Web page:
The longer step would be we're driving in our state, which can be taken nationally towards total transparency, we want to know the quality of a hospital; we want to know the cost of a hospital. We want to know the quality of a physician. We want to know the cost of a physician. And we are creating a system working with the insurance industry and with the hospital system and with the physicians to reward people who provide high quality below the average. If you are -- if you're providing high quality and your costs are low, we're going to give you a financial reward.
This will work in driving down -- putting downward pressure on health care costs, because we keep going the way we're going, look at our deductibles. We might as well -- you know, we just might as well have catastrophic policies now.
So, I believe -- look, we're going to -- we're actually doing this in our state, not just in government, but also the private sector, and we want to take this nationally. So, we believe in the work.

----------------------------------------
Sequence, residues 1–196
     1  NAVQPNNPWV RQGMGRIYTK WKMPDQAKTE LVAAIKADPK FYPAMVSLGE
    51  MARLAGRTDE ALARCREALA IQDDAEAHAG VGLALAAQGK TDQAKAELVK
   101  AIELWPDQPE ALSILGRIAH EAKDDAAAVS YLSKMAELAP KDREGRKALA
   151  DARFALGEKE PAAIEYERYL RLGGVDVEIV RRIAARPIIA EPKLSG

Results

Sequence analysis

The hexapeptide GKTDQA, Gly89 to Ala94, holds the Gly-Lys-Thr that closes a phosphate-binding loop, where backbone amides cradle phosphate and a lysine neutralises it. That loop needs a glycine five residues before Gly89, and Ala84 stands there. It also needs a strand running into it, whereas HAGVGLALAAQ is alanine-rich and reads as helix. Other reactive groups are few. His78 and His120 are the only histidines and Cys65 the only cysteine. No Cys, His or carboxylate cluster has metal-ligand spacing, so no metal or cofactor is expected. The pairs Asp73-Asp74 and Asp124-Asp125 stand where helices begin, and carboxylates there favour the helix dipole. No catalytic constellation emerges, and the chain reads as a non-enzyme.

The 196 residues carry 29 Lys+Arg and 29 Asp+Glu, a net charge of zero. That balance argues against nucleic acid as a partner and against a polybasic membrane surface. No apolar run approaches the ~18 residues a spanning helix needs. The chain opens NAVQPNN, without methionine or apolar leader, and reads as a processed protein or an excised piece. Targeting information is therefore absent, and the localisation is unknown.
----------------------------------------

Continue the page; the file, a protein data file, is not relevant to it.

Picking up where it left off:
MATTHEWS: Then you would repeal Obamacare?
MATTHEWS: First, before we got something new or -- ?
KASICH: Well, I would have the whole --
KASICH: -- I'd just switch it all out, yes.
MATTHEWS: OK. This next question, sir?
JOSEPH DEANGELO (ph), EDUCATOR: Hello, Governor. My name is Joseph Deangelo, I'm an educator. My question involves an incident yesterday where a war ship in the Baltics, an American war ship, was buzzed by two Russian fighters and a helicopter.
And this is part -- I'm assuming, an attempt to incite an incident. This is part of a continuing problem that's occurred in China and also, for instance, the defense in Iran, the taking of one of our patrol boats. I was -- I'm curious what you might do about such an international affair.